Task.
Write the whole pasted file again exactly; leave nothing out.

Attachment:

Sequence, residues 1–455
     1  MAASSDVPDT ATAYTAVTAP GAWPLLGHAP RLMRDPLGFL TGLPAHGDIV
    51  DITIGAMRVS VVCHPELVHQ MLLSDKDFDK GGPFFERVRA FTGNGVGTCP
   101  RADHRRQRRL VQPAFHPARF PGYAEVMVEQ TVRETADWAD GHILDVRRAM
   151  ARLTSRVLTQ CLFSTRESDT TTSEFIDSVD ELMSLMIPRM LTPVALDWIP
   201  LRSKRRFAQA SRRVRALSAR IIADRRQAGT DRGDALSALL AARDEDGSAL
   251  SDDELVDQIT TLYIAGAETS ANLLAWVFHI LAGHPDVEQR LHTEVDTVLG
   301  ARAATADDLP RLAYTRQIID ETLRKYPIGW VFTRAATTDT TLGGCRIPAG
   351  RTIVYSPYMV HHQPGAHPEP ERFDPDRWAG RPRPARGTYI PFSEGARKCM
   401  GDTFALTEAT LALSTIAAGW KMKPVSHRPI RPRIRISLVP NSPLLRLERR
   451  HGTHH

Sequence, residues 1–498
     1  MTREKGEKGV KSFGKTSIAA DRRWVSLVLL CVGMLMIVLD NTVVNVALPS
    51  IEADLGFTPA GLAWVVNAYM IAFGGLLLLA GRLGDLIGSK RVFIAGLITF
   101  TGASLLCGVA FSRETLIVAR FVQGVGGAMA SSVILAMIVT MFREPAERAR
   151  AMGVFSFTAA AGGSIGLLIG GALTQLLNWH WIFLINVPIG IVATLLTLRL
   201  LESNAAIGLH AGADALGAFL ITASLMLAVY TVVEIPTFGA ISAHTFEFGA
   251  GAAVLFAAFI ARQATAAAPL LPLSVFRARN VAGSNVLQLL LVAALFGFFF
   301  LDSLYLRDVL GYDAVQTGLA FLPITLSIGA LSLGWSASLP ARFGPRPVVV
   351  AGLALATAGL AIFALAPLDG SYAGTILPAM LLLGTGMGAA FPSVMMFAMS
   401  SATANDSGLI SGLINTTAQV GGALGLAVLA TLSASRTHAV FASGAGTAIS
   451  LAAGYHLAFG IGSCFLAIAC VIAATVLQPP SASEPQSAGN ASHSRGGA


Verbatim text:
Sequence, residues 1–455
     1  MAASSDVPDT ATAYTAVTAP GAWPLLGHAP RLMRDPLGFL TGLPAHGDIV
    51  DITIGAMRVS VVCHPELVHQ MLLSDKDFDK GGPFFERVRA FTGNGVGTCP
   101  RADHRRQRRL VQPAFHPARF PGYAEVMVEQ TVRETADWAD GHILDVRRAM
   151  ARLTSRVLTQ CLFSTRESDT TTSEFIDSVD ELMSLMIPRM LTPVALDWIP
   201  LRSKRRFAQA SRRVRALSAR IIADRRQAGT DRGDALSALL AARDEDGSAL
   251  SDDELVDQIT TLYIAGAETS ANLLAWVFHI LAGHPDVEQR LHTEVDTVLG
   301  ARAATADDLP RLAYTRQIID ETLRKYPIGW VFTRAATTDT TLGGCRIPAG
   351  RTIVYSPYMV HHQPGAHPEP ERFDPDRWAG RPRPARGTYI PFSEGARKCM
   401  GDTFALTEAT LALSTIAAGW KMKPVSHRPI RPRIRISLVP NSPLLRLERR
   451  HGTHH

Sequence, residues 1–498
     1  MTREKGEKGV KSFGKTSIAA DRRWVSLVLL CVGMLMIVLD NTVVNVALPS
    51  IEADLGFTPA GLAWVVNAYM IAFGGLLLLA GRLGDLIGSK RVFIAGLITF
   101  TGASLLCGVA FSRETLIVAR FVQGVGGAMA SSVILAMIVT MFREPAERAR
   151  AMGVFSFTAA AGGSIGLLIG GALTQLLNWH WIFLINVPIG IVATLLTLRL
   201  LESNAAIGLH AGADALGAFL ITASLMLAVY TVVEIPTFGA ISAHTFEFGA
   251  GAAVLFAAFI ARQATAAAPL LPLSVFRARN VAGSNVLQLL LVAALFGFFF
   301  LDSLYLRDVL GYDAVQTGLA FLPITLSIGA LSLGWSASLP ARFGPRPVVV
   351  AGLALATAGL AIFALAPLDG SYAGTILPAM LLLGTGMGAA FPSVMMFAMS
   401  SATANDSGLI SGLINTTAQV GGALGLAVLA TLSASRTHAV FASGAGTAIS
   451  LAAGYHLAFG IGSCFLAIAC VIAATVLQPP SASEPQSAGN ASHSRGGA